The term “developing economy” suggests a constant state of pursuit. Yet two key forces underway, dubbed “megatrends” by PricewaterhouseCoopers, hold the potential to create a more level playing field with advanced economies — rapid urbanization and the astounding pace of technological advance.
From Big Data to smart printing, people now have access to tools that make it easier than ever to do business. Similarly, rapid urbanization is enhancing the importance of cities. Cities now represent 50 percent of the world’s population and consume 75 percent of its resources, making them the hubs of the global economy.
As developing countries consider how to spur growth and alleviate poverty, both of these trends should be at the center of their strategies. Technology has opened the door for entrepreneurs from around the world. Small companies can now become integrated into global supply chains and compete with those in more developed countries.
Cities can serve as the incubators for these entrepreneurs. They have the highest concentration of economic opportunities, and municipal leaders have the power to act decisively to improve the atmosphere for entrepreneurs. The mayor of Mexico City, Miguel Mancera, recently entered into the Global Cities Economic Partnership with Chicago Mayor Rahm Emanuel. This innovative deal – which focuses on shared industry specializations, joint investment and research collaboration – demonstrates the potential for cities to lead on global cooperation.
Another model is the Enterprise Cities (E-Cities) Project, which is run out of Babson College. Working with local leaders, the initiative creates autonomous regulatory zones aimed at fostering competition and entrepreneurship within countries. By creating a level playing field and a regulatory environment favorable to competition, E-Cities enable individual firms and entrepreneurs to determine how best to take advantage of an opportunity — creating jobs and an economic ripple effect in the surrounding community.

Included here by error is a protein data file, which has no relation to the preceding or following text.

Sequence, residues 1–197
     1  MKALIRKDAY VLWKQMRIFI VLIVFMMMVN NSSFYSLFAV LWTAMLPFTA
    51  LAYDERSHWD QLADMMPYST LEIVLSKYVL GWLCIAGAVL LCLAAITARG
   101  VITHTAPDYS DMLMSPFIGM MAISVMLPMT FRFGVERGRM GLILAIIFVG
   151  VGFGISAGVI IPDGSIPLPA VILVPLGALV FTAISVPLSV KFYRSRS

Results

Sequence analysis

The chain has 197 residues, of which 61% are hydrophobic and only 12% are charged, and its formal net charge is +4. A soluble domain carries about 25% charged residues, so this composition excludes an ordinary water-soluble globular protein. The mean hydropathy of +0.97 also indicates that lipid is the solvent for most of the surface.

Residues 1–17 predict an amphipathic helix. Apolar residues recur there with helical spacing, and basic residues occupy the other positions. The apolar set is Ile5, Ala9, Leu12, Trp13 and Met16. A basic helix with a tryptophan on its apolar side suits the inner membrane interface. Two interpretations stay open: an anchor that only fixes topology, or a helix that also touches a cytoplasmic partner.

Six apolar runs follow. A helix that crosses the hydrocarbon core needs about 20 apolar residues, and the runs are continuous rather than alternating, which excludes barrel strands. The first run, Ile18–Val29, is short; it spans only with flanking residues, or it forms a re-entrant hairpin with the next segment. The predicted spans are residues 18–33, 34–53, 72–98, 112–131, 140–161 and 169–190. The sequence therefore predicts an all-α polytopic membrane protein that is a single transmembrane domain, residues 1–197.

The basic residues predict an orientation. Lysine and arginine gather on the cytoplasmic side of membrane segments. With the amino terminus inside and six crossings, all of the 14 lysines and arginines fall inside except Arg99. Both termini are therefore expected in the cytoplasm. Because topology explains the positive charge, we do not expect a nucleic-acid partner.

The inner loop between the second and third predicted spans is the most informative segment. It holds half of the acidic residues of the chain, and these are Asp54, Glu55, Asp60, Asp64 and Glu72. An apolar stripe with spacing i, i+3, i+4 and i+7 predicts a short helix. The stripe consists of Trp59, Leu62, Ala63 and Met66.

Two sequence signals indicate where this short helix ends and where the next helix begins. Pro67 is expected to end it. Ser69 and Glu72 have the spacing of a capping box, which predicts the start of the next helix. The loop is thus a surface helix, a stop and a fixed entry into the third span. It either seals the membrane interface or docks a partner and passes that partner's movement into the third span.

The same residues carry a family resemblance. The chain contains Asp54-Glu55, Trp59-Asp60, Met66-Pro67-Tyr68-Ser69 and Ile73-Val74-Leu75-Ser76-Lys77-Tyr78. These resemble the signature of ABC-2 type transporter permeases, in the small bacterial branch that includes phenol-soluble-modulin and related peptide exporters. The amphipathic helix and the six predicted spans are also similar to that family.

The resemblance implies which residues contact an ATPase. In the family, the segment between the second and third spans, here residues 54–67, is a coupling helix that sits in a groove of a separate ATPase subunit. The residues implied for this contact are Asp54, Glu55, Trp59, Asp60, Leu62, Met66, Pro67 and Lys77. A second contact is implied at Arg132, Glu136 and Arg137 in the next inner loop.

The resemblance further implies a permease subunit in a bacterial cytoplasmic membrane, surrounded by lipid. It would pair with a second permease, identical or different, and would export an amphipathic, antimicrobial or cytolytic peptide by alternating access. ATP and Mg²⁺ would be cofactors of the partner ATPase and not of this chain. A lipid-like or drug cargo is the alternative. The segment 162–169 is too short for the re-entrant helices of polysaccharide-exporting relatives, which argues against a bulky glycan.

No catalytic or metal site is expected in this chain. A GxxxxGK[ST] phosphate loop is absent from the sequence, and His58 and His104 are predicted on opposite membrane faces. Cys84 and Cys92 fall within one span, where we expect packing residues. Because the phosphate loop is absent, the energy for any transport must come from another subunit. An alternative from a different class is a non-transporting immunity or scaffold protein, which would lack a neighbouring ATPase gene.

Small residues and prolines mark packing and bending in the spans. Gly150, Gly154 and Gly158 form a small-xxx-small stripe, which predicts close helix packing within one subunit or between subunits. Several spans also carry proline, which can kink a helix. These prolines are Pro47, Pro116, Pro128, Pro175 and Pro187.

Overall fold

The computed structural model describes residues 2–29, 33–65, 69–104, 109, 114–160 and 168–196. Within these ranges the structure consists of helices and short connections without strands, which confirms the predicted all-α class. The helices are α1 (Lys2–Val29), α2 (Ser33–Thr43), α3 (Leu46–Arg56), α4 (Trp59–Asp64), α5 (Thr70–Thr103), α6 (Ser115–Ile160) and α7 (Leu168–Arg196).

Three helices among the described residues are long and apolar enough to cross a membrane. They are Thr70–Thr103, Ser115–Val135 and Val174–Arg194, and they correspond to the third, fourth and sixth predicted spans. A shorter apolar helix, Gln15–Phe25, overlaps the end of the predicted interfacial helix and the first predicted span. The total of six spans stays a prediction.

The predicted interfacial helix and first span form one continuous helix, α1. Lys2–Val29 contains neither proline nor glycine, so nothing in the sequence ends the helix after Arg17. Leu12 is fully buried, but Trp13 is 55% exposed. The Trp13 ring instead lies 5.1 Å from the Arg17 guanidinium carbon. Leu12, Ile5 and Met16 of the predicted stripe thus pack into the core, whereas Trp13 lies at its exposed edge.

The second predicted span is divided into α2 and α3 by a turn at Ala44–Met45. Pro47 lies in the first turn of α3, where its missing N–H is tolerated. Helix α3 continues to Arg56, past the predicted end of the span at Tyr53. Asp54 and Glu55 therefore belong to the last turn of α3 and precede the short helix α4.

The E-Cities model has applications throughout the developing world. Indian Prime Minister Narendra Modi just launched the 100 smart cities initiative in an effort to spur the kind of development that would allow India to come of age as an economic giant. The E-Cities model — with its public-private partnerships and investor-friendly regulations — could help accelerate an initiative like this, allowing India to take advantage of its comparative advantage in information technology, while alleviating some of the regulatory constraints that hamper India’s growth.
By harnessing the confluent forces of urbanization and technology, governments like India’s have a huge opportunity to improve their citizens’ livelihood through commerce. The Copenhagen Consensus — a Danish think tank that studies the impact of development funds — noted that commerce is one of the best ways to alleviate global poverty; China and Vietnam, for example, have raised much of their population out of poverty over the past 30 years through jobs provided by global commerce.
As new trends emerge and shape the world, the principles that once guided our thinking will no longer be relevant. To adapt, governments will not only have to be nimble, they will also have to be willing to experiment with new ideas. Cities will play an integral part in this by encouraging entrepreneurs to capitalize on technological advances.
Francisco J. Sánchez is the Chairman of CNS Global Advisors. Prior to CNS, he served as Under Secretary for International Trade at the U.S. Department of Commerce. During the Clinton Administration, Sánchez served as the Assistant Secretary for Aviation and International Affairs at the U.S. Department of Transportation. He previously served as a Special Assistant to President Clinton and as Chief of Staff to the Special Envoy to the Americas.
This piece also appears in Ideas Lab.